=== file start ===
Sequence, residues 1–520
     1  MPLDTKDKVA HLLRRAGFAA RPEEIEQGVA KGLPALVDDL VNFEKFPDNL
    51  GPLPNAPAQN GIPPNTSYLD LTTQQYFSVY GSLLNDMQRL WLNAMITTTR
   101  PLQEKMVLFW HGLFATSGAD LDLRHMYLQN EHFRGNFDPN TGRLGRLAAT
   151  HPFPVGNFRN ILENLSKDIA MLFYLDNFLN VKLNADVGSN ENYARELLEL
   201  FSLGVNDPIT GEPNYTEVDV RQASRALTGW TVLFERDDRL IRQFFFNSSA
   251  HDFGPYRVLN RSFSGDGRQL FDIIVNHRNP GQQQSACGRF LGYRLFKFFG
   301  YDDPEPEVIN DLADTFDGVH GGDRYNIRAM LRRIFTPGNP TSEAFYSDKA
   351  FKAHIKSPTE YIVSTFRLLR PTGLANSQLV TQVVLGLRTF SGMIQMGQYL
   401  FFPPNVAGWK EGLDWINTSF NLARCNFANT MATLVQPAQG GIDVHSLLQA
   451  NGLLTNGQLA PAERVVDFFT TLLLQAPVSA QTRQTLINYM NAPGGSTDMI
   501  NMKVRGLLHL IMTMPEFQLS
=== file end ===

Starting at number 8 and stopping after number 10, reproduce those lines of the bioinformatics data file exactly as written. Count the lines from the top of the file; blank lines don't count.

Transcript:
   301  YDDPEPEVIN DLADTFDGVH GGDRYNIRAM LRRIFTPGNP TSEAFYSDKA
   351  FKAHIKSPTE YIVSTFRLLR PTGLANSQLV TQVVLGLRTF SGMIQMGQYL
   401  FFPPNVAGWK EGLDWINTSF NLARCNFANT MATLVQPAQG GIDVHSLLQA